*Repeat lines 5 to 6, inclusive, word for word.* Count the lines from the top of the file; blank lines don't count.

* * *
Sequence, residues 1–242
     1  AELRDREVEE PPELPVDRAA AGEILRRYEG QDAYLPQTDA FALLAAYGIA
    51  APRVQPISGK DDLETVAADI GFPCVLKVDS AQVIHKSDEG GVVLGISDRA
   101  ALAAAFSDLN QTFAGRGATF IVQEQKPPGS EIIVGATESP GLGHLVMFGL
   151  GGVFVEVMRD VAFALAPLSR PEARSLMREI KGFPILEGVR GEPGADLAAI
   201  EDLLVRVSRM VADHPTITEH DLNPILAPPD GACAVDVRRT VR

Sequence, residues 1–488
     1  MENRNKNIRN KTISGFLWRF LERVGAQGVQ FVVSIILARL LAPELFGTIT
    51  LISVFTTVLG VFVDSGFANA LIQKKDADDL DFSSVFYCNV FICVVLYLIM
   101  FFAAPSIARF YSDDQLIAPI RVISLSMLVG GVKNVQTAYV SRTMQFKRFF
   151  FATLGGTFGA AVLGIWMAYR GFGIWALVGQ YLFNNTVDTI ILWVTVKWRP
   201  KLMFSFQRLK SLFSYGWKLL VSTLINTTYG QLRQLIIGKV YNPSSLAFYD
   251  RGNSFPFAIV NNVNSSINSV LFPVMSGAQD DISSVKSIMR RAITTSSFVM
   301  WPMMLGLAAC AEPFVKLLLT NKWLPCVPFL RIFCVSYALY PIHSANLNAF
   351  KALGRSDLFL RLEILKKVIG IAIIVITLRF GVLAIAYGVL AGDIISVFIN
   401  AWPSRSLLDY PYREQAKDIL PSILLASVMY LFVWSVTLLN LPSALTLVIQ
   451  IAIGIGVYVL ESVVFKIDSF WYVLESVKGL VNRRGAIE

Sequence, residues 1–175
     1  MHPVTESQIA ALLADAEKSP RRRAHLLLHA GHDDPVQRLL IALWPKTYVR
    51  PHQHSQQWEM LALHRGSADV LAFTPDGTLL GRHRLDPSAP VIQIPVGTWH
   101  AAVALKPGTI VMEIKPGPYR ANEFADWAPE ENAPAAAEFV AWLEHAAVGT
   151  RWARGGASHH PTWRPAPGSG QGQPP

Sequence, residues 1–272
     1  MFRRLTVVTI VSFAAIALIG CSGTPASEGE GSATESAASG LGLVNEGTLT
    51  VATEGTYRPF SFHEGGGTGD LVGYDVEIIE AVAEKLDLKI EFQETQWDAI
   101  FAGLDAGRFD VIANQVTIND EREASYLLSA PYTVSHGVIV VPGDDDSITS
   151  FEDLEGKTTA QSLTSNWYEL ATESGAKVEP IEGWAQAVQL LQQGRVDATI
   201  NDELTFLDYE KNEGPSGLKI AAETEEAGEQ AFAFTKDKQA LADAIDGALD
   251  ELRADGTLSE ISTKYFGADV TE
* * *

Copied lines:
   151  GGVFVEVMRD VAFALAPLSR PEARSLMREI KGFPILEGVR GEPGADLAAI
   201  EDLLVRVSRM VADHPTITEH DLNPILAPPD GACAVDVRRT VR